2

In my project I would like to be able to call a method after 3 minutes have passed. There is no "main loop" to speak of so I cannot use a stopwatch and constantly check if 3 minutes have passed. The only other solution I can think of is a Timer object with an interval of 3 minutes but that seems rather messy because it will only be called once after the 3 minute delay.

Thanks for reading.

Edit: Forgot to mention. This is for a server application so I cannot pause the execution of the thread because other stuff will have to be handled in the meantime. Also, this timer mechanism will not be alone. There may be hundreds of even thousands of concurrent timers at a time.

2
  • How accurate does the execution need to be? If it happens a few seconds after it was supposed to, what is the consequence? Jun 9 '12 at 18:34
  • Well for my application the client has 3 minutes to do something. The client keeps track of the time through javascript and the server keeps track of the time through (timers I suppose). To avoid cheating, once the three minutes have passed on the server, the server will send a message to the clients. It has to be pretty exact or people might get upset. Synching may become a problem and I'm not sure how I will handle that. Jun 9 '12 at 18:37
6

I really believe your idea with the Timer object is the right way to go. It sounds like you're familiar with how to use it - but here's an example:

    aTimer = new System.Timers.Timer(1000 * 60 * 3);
    aTimer.Elapsed += new ElapsedEventHandler(OnTimedEvent);
    aTimer.Enabled = true; 

http://msdn.microsoft.com/en-us/library/system.timers.timer.aspx

4
  • 1
    Timers should not be used if he is going to be creating hundreds or thousands of these Jun 9 '12 at 18:29
  • you could disable the timer in the event handler using Timer.Change(Timeout.Infinite, Timeout.Infinite) Jun 9 '12 at 18:31
  • Thousands may have been a bit much. It all just depends on how many clients the server has. If each room has 15 clients and there is one timer per room, if I ever reach a point where timers are no longer a good solution I can change it then, I suppose. Will probably never even reach that point though so I suppose I'll go with the timer approach. Jun 9 '12 at 18:32
  • you could probably use a single timer to handle all thousands. put all of the clients in a list and change your timer accordingly. Jun 9 '12 at 21:23
1

if you have hundreds or thousand of those timers, some scheduling will do the job.

You really should investigate quartznet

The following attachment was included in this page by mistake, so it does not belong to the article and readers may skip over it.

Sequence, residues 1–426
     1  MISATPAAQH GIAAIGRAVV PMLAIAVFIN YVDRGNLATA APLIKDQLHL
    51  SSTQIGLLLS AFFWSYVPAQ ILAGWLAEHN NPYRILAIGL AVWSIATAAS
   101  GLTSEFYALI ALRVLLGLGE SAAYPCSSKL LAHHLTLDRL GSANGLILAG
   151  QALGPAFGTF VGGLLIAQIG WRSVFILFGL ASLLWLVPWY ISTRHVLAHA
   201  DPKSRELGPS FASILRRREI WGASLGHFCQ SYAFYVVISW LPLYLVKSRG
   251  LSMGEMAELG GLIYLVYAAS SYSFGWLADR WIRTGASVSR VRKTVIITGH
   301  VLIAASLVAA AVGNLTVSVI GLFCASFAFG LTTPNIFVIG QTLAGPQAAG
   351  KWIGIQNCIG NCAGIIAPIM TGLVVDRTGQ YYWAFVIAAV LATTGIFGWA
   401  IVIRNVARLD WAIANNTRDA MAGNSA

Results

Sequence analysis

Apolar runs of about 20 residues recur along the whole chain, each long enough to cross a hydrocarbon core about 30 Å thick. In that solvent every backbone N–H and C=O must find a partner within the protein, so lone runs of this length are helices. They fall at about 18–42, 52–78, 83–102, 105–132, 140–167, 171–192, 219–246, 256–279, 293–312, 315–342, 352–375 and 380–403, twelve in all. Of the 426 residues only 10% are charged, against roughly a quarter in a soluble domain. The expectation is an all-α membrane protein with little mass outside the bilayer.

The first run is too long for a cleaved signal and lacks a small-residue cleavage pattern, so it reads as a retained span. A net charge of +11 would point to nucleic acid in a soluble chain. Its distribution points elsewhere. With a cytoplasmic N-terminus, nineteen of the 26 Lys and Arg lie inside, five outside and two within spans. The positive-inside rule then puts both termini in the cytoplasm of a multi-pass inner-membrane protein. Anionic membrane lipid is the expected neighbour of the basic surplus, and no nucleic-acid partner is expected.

lots of concurrent timers perform not very well as i experienced, quartznet will do.

and if you really want to have those scheduling tasks in your application, perhaps this article gives you some ideas Task Scheduler Class Library for .NET

0

Use a Timer.

While there will be a slight overhead if you create a 1000 timers, it won't be too much. Timers will do their job and fire an event when 3 minutes have passed. Also, if you want your code to repeat every 3 minutes, Timers are the way to go.

0

Timer is not a good solution for hundreds/thousands, as Timers are a limited resource.

Are all the methods to be called from the same application?

If so, I would create a small stub class that had a datetime, and an Action, and add delegates to the method to be called, along with the target time. Then in a background thread loop through the list and call the delegates when appropriate (and remove them obviously)

An alternate solution would be to do something like QueueUserWorkItem for each method to be called, and first thing in the thread sleep for the appropriate amount of time until the method should be called.

For all solutions (mine and others), be aware of any marshaling you have to do if you are interacting with the GUI, or any locking that may need to be done to avoid threading concurrency issues

2
  • thread sleep is not a very good solution. ticking every second on the queue and looking for jobs to be done is far better. if the job is fired, it should be placed on the queue again, but one must take care of race conditions AND jobs that may take longer than that period that the job shall be fired. Jun 9 '12 at 18:29
  • I'm not sure about marshaling or any of that. After 3 minutes the server just has to send a simple message to the respective room. Jun 9 '12 at 18:33
-3

After trying out several options, the method was not self-triggering. Hence, I used Javascript to solve the same problem as shown below.

<script>
function Timer() {
    $.ajax({
        url: "@Url.Action("Timer", "Exam")",//Method to call. Timer Method in Exam Controller
        type: 'GET', // <-- make a async request by GET
    dataType: 'html', // <-- to expect an html response
    cache: false,
    async: true
    });
}
setInterval(function () { Timer(); }, 5000);//Triggers method Timer() after 5 seconds
</script>
1
  • 2
    This is not a Javascript question.
    – Servy
    Nov 17 '17 at 17:01

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